The second wave feminists adopted this slogan with gusto. The aim was to bring the personal, private sphere into dialogue. This concept was interpreted in varied ways- an extreme example might be the interpretation that, for the objective of making a political statement a woman would use her personal life. Thus, a few second-wave extremists would publicly reject heteronormativity (i.e. the act of being heterosexual, in a patriarchal climate, where all decisions are, by necessity, made under patriarchal pressure) and adopt a life of being publicly lesbian or bisexual, dressing in physically repugnant ways to challenge beauty standards, join an extremist ‘man-hating’ group like Society for Cutting Up Men (S.C.U.M.) and reject a host of other ‘feminine’ traits. In this instance political lesbianism was not a declaration of attraction to women, but public declaration of a rejection of men. A famous example of extremist second-wave feminist rhetoric would be Andrea Dworkin’s stance on heterosexual sex. Dwarkin explores the idea that, because of the way patriarchal society structures women’s lives, they are unable to ever claim freedom or power to the extent of making a truly personal choice, and that no act of heterosexual sex can be made without a woman, in effect, being raped. More conservative examples of how the personal informed the feminist agenda would include workplace and marital law reforms. For instance, in 1963 the passing of the Equal Pay Act in the United States (in Australia in 1969) required that employees be given access to equal pay in the workplace regardless of sex. By extension, further ratifications involved the Equal Credit Opportunity Act in 1974, and the Pregnancy Discrimination Act of 1978 (this falls under the Sex Discrimination Act of 1984 is Australia). This last is particularly interesting in regards to the personal/political movement, as it literally advocates towards a goal which is experienced by only a fraction of the female population, and in their personal lives at that, and yet is advocated for by the entirety of the Women’s Liberation Movement. This is because ‘the Personal is Political’ acknowledges that a singular woman facing oppression is a product of a larger framework. Although only a few women suffer from pregnancy discrimination, having made the personal choice to seek or continue work whilst pregnant when others choose not, the reality is that this discrimination is enacted against all womenkind. Where one woman suffers, and that is allowed, all women will suffer. Even closer to the personal realm is the illegalization of marital rape, and the legalisation of no-fault divorce. Marital rape in Australia was illegalised progressively from 1981 to 1992, and no-fault divorce in 1975. Both of these issues entered the private home lives of the woman, and gave her choices where previously she had none. Her private experience would inform and bolster the political debate- a woman who explicitly said no to her husband was given the political power to have that statement backed up by the law. In fact ‘No’ was a statement given huge political force. The Women’s Liberation Movement was, essentially, a vehicle to drive personal statements. In her life a woman may choose, and that choice was given to her through a targeted restructuring of social order. The fact that as an individual I can not only believe this, but place it into action, is a direct result of the Women’s Liberation Movement during second-wave feminism. The difference that is key between the first and second waves is this exact focus. First wave feminism was focused on giving women the tools to operate as humans in a man’s world. They focused on civil rights, such as the vote, such as the right to work and to education and to a Voice. Second wave feminism looks at how a woman is socially codified into a role which does not allow her the choice of political autonomy. She, despite having a voice, cannot use that voice if she is expected to get an education, work in a job, raise the children and maintain the household. She was asked to accept the fact she cannot maintain all of her roles as a personal “failure”, not an institutional failure. A woman was required to be either/or- there was no room for a political woman within a mother, or visa versa.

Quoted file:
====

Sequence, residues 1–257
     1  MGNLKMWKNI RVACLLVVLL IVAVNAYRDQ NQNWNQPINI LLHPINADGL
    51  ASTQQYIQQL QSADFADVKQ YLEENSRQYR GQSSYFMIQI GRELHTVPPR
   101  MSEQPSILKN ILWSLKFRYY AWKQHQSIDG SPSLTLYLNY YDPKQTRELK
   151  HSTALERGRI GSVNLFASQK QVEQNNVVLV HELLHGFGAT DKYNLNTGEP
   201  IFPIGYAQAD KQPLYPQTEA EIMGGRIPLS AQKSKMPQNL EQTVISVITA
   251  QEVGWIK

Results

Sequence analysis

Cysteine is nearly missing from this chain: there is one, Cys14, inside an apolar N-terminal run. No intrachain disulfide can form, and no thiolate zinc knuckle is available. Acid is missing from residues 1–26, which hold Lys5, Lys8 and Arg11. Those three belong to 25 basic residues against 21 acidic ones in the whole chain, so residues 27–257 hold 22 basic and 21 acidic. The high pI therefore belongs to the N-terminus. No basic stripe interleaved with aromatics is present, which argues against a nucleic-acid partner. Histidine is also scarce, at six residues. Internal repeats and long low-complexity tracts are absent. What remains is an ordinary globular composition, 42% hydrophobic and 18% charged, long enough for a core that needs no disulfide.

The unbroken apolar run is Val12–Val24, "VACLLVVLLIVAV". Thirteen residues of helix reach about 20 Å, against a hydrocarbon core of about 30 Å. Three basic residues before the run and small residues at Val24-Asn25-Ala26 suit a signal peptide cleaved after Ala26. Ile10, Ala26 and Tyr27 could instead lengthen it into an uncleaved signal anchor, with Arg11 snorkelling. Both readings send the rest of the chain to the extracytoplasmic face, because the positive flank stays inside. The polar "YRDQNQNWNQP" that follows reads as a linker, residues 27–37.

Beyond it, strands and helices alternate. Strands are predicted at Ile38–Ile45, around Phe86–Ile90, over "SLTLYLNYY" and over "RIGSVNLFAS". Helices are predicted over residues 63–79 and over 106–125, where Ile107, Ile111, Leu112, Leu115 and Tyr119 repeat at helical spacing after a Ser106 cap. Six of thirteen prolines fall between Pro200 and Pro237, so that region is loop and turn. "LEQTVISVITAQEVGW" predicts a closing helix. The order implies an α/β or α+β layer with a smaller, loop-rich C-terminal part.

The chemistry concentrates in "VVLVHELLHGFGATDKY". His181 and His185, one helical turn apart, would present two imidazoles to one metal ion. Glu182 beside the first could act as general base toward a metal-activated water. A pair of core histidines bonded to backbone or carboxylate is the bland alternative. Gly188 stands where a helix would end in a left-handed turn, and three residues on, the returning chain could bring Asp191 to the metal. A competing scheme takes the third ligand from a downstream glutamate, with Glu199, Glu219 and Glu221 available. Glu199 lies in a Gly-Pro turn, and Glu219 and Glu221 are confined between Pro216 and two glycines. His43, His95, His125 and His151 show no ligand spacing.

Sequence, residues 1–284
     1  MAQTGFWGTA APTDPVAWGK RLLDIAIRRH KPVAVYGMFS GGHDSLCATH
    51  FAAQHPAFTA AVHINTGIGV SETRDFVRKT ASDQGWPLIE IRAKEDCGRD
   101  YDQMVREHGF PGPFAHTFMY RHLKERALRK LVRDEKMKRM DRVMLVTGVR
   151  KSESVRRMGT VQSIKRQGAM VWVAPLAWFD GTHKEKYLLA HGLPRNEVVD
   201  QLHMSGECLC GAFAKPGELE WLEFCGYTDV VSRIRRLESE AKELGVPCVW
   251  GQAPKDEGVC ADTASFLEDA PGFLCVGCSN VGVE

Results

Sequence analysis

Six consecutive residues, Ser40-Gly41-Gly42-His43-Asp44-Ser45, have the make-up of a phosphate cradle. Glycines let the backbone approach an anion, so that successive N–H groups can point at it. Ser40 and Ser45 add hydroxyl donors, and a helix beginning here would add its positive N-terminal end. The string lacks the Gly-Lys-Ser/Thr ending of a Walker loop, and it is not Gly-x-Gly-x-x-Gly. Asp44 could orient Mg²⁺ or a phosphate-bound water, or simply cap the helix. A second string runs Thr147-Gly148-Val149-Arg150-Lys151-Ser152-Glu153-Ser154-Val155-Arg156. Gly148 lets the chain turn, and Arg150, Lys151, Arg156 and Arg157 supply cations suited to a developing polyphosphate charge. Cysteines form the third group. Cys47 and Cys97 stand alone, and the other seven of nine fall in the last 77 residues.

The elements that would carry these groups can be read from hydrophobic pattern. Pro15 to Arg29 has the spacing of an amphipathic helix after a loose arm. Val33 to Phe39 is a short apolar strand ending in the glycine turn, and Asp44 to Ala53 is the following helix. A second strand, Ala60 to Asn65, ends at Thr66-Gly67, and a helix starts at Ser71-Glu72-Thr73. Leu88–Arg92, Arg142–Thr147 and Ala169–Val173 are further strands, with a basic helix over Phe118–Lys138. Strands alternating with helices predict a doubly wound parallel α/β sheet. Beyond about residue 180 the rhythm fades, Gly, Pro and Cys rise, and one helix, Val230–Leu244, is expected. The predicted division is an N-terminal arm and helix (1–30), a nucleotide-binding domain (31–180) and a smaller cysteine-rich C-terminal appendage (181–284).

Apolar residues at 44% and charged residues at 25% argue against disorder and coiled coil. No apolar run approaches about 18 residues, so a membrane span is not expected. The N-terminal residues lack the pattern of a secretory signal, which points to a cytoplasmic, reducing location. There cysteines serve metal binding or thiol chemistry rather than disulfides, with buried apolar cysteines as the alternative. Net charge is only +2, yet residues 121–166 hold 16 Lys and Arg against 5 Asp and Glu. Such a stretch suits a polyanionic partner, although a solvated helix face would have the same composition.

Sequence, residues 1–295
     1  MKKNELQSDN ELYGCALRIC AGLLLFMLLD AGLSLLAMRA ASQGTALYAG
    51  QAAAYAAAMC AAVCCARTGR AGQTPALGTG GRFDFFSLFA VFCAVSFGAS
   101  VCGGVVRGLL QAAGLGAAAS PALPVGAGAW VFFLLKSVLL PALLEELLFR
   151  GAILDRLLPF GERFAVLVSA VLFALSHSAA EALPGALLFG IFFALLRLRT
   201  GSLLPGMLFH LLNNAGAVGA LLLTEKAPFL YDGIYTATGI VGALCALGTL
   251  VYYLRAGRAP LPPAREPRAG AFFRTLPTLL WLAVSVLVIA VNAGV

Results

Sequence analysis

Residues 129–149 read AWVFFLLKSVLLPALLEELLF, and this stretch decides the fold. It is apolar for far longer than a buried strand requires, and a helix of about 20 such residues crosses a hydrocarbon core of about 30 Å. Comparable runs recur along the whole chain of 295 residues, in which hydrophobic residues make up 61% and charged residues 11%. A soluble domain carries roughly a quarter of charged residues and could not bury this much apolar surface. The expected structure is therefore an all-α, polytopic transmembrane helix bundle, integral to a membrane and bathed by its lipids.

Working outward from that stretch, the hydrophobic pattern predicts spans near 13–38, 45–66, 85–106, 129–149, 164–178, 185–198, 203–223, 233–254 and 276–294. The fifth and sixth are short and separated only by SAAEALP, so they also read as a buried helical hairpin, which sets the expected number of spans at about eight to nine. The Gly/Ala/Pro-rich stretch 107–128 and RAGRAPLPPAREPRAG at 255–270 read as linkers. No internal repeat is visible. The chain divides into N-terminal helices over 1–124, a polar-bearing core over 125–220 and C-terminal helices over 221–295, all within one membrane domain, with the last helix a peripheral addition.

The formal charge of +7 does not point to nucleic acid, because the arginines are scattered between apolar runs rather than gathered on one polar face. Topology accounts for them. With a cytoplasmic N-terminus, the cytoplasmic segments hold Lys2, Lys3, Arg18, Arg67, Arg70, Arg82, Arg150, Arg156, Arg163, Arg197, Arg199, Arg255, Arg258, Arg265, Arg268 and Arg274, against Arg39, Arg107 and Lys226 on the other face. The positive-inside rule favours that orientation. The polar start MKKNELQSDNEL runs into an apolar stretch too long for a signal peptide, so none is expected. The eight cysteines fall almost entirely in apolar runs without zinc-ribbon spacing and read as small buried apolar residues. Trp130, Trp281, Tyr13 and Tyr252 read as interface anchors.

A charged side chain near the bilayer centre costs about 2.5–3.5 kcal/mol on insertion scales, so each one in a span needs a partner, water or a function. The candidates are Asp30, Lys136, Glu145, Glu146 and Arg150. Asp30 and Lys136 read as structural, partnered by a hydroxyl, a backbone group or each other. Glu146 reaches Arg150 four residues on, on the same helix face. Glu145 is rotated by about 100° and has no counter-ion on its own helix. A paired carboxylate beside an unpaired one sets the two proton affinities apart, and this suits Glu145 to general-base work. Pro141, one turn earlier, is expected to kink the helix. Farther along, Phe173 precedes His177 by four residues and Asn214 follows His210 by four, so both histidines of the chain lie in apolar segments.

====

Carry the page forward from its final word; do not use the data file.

In a post-feminist context, I see little reason to drop the personal/political motto from my understanding of the society I reside in. I believe that what the statement ‘the personal is political’ truly aims towards is, most simply, a dissection of how an individual experiences their context, and the pressures they are under towards their personal choices. I believe that what this movement leads an individual towards is questioning. To look at myself objectively, you might see my individual circumstances: female, white, upper-middle class, well educated. Then, you might see my ‘personal’ life: sexually active, single, homosexual, childless, well employed, student. And, even further, my political body: activist, feminist, equal rightist. These are aspects of a human as an individual, though how and why I can be these facets are all part of a political whole. My right to exist as a human independent of my sex is intrinsic to my political reality. To divide my life into part private, birth, and political is to deny that any of these parts might inform another. For instance, is it not true that my ability to BE a student is tied, in its entirety, to the political reality of a woman’s right to education? A right which remains one of the oldest political struggles women have participated in. And yet, I do not believe that I consciously made the choice to go on to university as a political statement. Even though I was not aware of the context, it was political because I was able to make it. In terms of ‘post-feminism’, one must acknowledge that there is no singular ‘post-feminist’ school. The context we currently operate in is the result of our political histories. A denial of feminism for a more PC term- Equal Rights, Human Rights- which removes the sex from the discussion, is one school of thought. After the Feminism Sex Wars of the 90’s, there is also the division or pro- and anti-sex feminism. And, we also have a proliferation of “Lipstick” Feminists, women who accept female gender structures as sites of empowerment i.e. the women from Sex and the City strutting on screen, drinking cocktails, buying expensive clothes and chasing men with a background of pro-woman individual power. As an individual I exist at the intersection of all of these ‘post-feminisms’. I believe that, in the exact same way that Carol Hanisch came to the realisation that the personal is political, I as an individual must explore my circumstances. A feminist lingers in dangerous territory when, in the political sphere, she believes one rhetoric, yet in her private life she enacts another. That is not to say that one cannot fight for the rights of another group- a heterosexual cis-gendered woman may recognise and fight for the rights of a homosexual trans* woman, for instance- but the risk is that, in public, she supports her peer and in private remains homo- or trans*phobic. Similarly, I cannot accept privately a state which I seek to change publicly- for example, I cannot allow subliminal sexual harassment as par for the course if I am politically outraged by its existence. I believe that the ‘personal is political’ requires me to act out in my private life the political ideal I strive towards. This is the active acknowledgement that we as individuals participate in the social structures that we try to reform, and that reform begins with ourselves.